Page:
For Osteopathic Medical Students and Premeds
SDN features the most popular osteopathic student and pre-med forums on the Internet.
- Pre-medical Osteopathic Medicine Forum
- Osteopathic Medical Student Forum
- COMLEX and USMLE Forum
- Resident and Intern Forums (MD and DO)
These resources are originally from osteopathic.net, a site which is now part of SDN.
- “MD or DO, Which one?” An article describing the differences between the two fields
- Osteopathic PreMedical FAQ
- COMLEX and USMLE FAQ
What is Osteopathic Medicine?
Although there are over 43,000 D.O.s in the United States, 9 of 10 people have never heard of osteopathic medicine.
In the United States, osteopathic medicine is a system of medical care with a philosophy that combines the needs of patients with the current practice of medicine and surgery. Osteopathic philosophy has an emphasis on internal relationships of structure and function, with an appreciation of the body’s ability to heal itself.
Osteopathic physicians [D.O.s] attend unique medical schools; they receive the traditional four year comprehensive medical education with an additional emphasis on disease prevention and treatment of the total person, rather than their disease alone — because of their total-person philosophy, many osteopathic physicians specialize in primary care fields such as family medicine, pediatrics, obsetrics and emergency medicine.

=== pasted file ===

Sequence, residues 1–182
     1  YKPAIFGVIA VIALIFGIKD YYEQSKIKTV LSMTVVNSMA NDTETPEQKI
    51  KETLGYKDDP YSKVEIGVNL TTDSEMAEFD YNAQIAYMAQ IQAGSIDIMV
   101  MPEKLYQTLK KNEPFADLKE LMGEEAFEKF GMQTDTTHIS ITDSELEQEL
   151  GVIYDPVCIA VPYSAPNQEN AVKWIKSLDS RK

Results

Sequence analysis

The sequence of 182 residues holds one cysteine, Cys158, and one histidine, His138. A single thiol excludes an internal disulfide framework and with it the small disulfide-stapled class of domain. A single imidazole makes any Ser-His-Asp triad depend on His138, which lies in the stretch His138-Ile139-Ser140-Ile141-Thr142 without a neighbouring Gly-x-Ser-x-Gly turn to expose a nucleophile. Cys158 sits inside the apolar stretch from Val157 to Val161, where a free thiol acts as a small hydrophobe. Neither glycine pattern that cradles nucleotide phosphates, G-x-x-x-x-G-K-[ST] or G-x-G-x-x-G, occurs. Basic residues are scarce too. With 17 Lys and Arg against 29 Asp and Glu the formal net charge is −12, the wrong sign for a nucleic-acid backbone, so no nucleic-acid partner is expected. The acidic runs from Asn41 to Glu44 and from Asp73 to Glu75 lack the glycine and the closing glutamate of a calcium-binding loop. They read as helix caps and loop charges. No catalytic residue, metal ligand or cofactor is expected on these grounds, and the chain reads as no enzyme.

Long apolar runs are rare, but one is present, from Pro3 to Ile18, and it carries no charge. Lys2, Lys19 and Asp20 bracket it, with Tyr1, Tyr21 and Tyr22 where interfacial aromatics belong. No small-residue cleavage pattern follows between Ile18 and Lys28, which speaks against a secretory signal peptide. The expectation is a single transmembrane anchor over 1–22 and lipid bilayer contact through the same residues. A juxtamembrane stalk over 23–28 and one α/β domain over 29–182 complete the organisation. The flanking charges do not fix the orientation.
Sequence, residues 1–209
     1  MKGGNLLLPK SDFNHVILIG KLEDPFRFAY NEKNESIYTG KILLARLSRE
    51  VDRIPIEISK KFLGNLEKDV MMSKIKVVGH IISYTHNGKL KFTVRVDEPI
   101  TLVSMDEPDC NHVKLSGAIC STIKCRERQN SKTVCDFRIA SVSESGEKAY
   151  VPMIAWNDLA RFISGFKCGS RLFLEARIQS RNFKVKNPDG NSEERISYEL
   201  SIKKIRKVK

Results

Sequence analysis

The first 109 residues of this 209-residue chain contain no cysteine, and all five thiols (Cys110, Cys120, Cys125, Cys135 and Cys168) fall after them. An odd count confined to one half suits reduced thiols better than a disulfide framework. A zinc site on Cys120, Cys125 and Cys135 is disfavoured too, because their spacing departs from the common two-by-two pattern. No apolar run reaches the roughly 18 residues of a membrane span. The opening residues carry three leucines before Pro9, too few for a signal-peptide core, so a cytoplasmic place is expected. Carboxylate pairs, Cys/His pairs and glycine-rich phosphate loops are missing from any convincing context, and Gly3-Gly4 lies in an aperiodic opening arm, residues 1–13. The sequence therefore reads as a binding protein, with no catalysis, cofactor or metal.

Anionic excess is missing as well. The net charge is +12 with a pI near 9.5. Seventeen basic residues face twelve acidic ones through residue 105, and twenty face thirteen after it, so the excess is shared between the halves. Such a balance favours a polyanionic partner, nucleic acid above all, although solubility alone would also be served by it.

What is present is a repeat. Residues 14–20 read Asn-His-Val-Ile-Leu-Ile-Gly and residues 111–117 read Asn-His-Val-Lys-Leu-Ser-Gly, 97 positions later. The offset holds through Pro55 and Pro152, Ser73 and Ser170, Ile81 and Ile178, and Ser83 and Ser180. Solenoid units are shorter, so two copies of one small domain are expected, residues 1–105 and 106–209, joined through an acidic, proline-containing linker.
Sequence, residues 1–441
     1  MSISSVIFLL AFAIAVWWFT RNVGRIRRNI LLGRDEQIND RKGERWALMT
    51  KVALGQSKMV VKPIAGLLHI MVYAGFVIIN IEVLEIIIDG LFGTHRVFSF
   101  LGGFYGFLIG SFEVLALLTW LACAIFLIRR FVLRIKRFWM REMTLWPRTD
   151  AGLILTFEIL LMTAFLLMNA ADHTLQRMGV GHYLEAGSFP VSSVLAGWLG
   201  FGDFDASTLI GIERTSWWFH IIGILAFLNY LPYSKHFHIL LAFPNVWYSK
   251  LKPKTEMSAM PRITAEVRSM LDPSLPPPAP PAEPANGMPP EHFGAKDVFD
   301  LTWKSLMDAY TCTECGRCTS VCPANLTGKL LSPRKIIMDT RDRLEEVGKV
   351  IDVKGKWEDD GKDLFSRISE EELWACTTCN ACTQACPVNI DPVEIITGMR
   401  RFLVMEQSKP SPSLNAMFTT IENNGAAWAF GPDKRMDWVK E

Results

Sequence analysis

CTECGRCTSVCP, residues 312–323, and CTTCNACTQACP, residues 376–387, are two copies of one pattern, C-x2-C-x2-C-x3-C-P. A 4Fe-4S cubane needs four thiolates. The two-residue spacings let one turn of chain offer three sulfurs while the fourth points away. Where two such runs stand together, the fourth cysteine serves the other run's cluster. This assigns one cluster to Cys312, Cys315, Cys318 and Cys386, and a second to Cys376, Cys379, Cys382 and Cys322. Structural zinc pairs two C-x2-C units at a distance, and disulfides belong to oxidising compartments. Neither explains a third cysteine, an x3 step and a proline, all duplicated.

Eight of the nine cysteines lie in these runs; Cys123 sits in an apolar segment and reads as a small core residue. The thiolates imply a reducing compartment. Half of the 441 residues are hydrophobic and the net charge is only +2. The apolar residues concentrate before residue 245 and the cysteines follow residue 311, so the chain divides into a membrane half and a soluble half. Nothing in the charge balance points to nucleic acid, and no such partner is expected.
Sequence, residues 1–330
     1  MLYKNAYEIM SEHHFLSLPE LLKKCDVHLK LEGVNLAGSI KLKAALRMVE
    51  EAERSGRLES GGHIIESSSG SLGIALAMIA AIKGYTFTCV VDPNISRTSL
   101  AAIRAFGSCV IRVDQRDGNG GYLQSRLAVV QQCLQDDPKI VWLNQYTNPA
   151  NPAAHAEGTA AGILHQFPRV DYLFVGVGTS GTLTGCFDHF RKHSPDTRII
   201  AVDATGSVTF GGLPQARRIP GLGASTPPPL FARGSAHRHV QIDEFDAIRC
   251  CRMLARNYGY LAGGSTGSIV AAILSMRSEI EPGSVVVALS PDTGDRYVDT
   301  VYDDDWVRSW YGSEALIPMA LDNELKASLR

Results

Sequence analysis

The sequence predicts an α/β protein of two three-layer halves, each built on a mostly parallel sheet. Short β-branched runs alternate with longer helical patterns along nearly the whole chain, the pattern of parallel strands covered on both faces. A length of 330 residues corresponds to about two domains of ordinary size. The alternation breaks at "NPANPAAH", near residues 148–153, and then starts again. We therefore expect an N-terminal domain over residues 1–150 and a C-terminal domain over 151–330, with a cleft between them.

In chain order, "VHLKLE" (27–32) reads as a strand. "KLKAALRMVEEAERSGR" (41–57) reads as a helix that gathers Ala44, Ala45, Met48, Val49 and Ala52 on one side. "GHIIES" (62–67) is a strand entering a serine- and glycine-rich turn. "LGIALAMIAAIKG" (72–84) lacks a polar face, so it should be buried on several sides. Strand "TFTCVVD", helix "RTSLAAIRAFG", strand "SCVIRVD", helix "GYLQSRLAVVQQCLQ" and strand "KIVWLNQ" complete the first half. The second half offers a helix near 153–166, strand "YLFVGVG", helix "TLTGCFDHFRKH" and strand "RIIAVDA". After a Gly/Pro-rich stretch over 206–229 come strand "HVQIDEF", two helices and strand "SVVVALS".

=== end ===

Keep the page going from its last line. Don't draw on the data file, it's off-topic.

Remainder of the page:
However, it’s not just their philosophy that sets osteopathic physicians apart from their allopathic (M.D.) colleagues. D.O.s are also specially trained in manual medicine for treatment of musculoskeletal disorders. With this training emphasis, some osteopathic physicians specialize in rehabilitation and sports-medicine — indeed, you’ll find many D.O.s as pro-sports and college team physicians.
How Does an M.D. Differ from a D.O.?
M.D.s are similar to D.O.s. An M.D. is a physician trained at a standard four year medical school. D.O.s receive the same four year medical school education but with the osteopathic philosophies tied into the basic principles of medicine. D.O.s also receive hundreds of hours of additional training in manipulative medicine techniques and diagnosis. Upon graduation from medical school, D.O.s continue with residency training in any of the medical specialties, from family medicine to neurosurgery.Otherwise there are few differences; M.D.s and D.O.s have the same practice rights throughout the United States. You can find D.O.s and M.D.s working together in the best hospitals and clinics throughout the nation. D.O.s are also found in all branches of military medicine — in fact, in the 1990s a Surgeon General of the U.S. Army was an osteopathic physician.